In a second approach with two potyviruses infecting cucurbitaceae hosts, we investigated more ecological aspects of the virus-induced changes in host phenotype linked to aphid transmission. As competition between pathogens sharing the same vectors could be a factor influencing the selective pressures on this trait, we investigated the impact of co-infection by watermelon mosaic virus (WMV) and zucchini yellow mosaic virus (ZYMV) on their respective performance and exposure to aphid vector within the host plant, as well as its impact on the phenotype changes suffered by the host and the consequences for aphid preference and performance. Our results demonstrated that WMV is an inferior competitor within the host plant when faced with ZYMV in co-infections, but can still be successfully transmitted to new plants. Furthermore, only the ZYMV isolate was capable of inducing phenotypic changes in the host plants that resulted in a greater attractiveness for the aphids and their higher growth rate on infected hosts. Interestingly, the co-infected plants carrying the two viruses had the same changes as shown in single ZYMV infection, which suggest that WMV viruses in these plants can benefit from the increased aphid traffic induced by ZYMV even though they cannot themselves induce these changes in single infections. This is an important finding that shows that host phenotype manipulators are vulnerable to cheating by non-manipulative competitors. Additional experiments indeed show that different viral strains, in particular within ZYMV, differ in the amplitude of change in host volatile emissions they induce, thus potentially in their ability to attract aphid vectors. This would suggest that this trait could respond to selective pressures arising from the ecological context of the host populations.

Our findings have major implications for the understanding of pathogen evolution. We showed that, beyond the description of changes in plant volatiles previously reported in the literature, these parasite-induced changes might result from actual parasite transmission strategies and not be only a by-product of the disruption of plant physiological traits. The fact that there is variation for this pathogen trait, and that it is vulnerable to cheating by competitor parasites, is also an indication that this type of manipulation might only arise in ecological contexts that favour it, i.e. when co-infections are rare. Taking into account the adaptability of this trait could thus have a large impact of our understanding of plant pathogens epidemiology.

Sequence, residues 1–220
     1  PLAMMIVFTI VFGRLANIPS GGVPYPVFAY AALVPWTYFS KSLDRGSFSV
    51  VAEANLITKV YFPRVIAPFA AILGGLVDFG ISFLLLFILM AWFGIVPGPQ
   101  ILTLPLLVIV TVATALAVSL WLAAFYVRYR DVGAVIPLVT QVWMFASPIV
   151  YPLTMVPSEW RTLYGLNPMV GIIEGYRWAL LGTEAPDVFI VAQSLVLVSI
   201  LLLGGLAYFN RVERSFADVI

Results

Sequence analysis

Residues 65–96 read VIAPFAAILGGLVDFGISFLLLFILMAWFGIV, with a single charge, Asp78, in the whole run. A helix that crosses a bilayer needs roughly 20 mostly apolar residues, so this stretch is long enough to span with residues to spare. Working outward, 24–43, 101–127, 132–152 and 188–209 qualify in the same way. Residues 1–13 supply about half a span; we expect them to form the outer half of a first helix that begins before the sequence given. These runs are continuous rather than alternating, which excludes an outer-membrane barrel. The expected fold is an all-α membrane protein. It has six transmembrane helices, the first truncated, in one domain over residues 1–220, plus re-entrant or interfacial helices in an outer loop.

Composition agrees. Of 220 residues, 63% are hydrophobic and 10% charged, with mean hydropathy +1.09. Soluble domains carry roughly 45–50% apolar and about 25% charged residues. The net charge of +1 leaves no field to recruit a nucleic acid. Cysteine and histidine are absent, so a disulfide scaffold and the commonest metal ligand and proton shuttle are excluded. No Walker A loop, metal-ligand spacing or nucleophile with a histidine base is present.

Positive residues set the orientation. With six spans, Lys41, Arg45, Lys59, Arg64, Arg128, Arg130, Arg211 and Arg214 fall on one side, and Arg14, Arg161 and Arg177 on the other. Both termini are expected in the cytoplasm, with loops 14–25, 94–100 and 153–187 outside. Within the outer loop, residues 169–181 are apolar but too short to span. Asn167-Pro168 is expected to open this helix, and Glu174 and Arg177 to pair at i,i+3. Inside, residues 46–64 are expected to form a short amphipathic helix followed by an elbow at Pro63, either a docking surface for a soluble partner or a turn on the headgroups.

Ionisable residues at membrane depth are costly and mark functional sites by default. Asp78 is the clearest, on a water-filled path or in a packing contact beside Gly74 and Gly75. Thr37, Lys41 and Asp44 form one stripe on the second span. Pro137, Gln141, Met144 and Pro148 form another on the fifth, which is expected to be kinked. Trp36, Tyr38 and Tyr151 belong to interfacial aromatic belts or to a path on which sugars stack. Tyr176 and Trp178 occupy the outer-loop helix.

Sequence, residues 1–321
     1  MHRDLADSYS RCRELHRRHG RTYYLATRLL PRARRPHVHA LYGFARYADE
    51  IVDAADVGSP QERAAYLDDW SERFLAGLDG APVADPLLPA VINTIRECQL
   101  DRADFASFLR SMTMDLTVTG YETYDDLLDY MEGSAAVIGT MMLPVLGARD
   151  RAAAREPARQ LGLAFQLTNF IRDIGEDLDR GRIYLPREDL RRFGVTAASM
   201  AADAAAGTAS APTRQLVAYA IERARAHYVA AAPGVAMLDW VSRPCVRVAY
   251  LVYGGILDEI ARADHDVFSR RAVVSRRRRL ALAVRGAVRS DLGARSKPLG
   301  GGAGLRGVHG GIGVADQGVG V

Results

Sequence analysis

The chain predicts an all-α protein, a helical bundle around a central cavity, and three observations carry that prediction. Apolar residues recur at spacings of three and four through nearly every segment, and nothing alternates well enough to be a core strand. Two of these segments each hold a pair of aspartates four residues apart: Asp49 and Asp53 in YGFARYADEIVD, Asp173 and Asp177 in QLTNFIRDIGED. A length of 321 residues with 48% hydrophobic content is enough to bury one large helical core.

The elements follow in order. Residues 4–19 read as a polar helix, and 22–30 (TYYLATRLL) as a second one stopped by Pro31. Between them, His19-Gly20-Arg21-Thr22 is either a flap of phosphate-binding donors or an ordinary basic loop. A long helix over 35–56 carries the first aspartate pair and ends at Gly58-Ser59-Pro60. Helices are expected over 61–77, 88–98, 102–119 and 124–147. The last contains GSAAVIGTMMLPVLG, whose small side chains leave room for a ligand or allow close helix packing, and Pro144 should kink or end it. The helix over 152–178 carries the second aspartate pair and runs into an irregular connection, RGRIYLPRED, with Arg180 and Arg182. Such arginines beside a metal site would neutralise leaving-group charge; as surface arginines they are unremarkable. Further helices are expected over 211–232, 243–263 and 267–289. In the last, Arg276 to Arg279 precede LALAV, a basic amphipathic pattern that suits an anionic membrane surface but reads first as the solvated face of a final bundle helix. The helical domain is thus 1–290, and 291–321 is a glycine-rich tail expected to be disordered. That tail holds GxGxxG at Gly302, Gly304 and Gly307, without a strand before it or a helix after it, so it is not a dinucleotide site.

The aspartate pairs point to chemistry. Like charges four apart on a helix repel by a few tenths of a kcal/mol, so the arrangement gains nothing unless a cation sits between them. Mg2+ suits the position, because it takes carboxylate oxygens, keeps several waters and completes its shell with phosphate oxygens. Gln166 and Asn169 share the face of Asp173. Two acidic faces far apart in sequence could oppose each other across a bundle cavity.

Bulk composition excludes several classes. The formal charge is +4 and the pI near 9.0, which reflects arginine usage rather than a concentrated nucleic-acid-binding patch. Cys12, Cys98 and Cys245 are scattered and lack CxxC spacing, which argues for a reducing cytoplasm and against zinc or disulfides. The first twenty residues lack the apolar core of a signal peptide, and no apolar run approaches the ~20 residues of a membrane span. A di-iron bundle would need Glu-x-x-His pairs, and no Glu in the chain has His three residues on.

This project was also an opportunity to bring together several field of ecology: behavioural, chemical, environmental and pathogen or herbivore-host interactions. This interdisciplinary approach was applied again in two additional questions that arise from our main project. In addition to our study of viral co-infections in cucurbits, we investigated the impact of viral infection on plant susceptibility to Erwinia tracheiphila, a bacterial disease that is often fatal to the host plant. Indeed, it has been reported that virus infected cucurbit plants in the field are less likely to develop this bacterial disease, at least partly due to indirect interactions through a reduced visitation by E. tracheiphila beetle vectors. In order to complement this hypothesis, we performed controlled inoculation experiments and phytohormone analyses to test whether direct in planta effects acting on plant resistance could also play a role. We found that an early infection with ZYMV activated an enhanced salicylic acid response in the host plant when challenged with E. tracheiphila inoculation, but did not prevent the successful establishment of the bacteria. Only slight delayed effects on symptoms and plant death were observed, which cannot alone explain the wide epidemiological divergence occurring in the field. Our experiments thus confirmed that indirect effects of viruses on beetle vectors are the likeliest explanation for this phenomenon. This multidisciplinary approach also led to a good example of serendipity. While investigating A. thaliana volatile emissions, we observed that when plants were exposed to dimethyl sulfoxide (DMSO) - a common solvent used as a compound carrier in many applications - in an in-vitro or compost soil matrix, this chemical was released through the leaf surface. As this solvent can often be encountered by plants, since it is included in many pesticide compositions and can be found as a pollutant in some areas due to other industrial applications, we experimentally demonstrated this phenomenon of uptake and release of DMSO by A. thaliana and tobacco plants and investigated the possibility of ecological effects on caterpillar herbivory and feeding behaviour.